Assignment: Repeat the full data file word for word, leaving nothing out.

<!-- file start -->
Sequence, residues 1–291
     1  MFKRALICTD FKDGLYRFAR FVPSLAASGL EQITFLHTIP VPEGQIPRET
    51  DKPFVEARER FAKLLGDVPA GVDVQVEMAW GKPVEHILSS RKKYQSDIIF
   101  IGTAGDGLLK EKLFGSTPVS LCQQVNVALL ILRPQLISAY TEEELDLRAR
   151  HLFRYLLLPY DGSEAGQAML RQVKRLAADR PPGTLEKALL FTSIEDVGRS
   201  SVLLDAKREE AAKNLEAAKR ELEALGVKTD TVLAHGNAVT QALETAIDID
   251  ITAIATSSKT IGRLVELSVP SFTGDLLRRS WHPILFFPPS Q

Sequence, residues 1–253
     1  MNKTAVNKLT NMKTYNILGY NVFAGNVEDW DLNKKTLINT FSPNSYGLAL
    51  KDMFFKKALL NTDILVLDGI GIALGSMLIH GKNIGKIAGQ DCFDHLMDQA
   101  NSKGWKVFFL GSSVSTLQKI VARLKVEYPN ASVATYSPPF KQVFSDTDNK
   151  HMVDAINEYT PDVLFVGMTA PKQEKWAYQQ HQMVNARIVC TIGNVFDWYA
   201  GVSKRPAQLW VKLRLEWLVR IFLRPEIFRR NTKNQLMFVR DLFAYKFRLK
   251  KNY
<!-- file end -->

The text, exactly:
Sequence, residues 1–291
     1  MFKRALICTD FKDGLYRFAR FVPSLAASGL EQITFLHTIP VPEGQIPRET
    51  DKPFVEARER FAKLLGDVPA GVDVQVEMAW GKPVEHILSS RKKYQSDIIF
   101  IGTAGDGLLK EKLFGSTPVS LCQQVNVALL ILRPQLISAY TEEELDLRAR
   151  HLFRYLLLPY DGSEAGQAML RQVKRLAADR PPGTLEKALL FTSIEDVGRS
   201  SVLLDAKREE AAKNLEAAKR ELEALGVKTD TVLAHGNAVT QALETAIDID
   251  ITAIATSSKT IGRLVELSVP SFTGDLLRRS WHPILFFPPS Q

Sequence, residues 1–253
     1  MNKTAVNKLT NMKTYNILGY NVFAGNVEDW DLNKKTLINT FSPNSYGLAL
    51  KDMFFKKALL NTDILVLDGI GIALGSMLIH GKNIGKIAGQ DCFDHLMDQA
   101  NSKGWKVFFL GSSVSTLQKI VARLKVEYPN ASVATYSPPF KQVFSDTDNK
   151  HMVDAINEYT PDVLFVGMTA PKQEKWAYQQ HQMVNARIVC TIGNVFDWYA
   201  GVSKRPAQLW VKLRLEWLVR IFLRPEIFRR NTKNQLMFVR DLFAYKFRLK
   251  KNY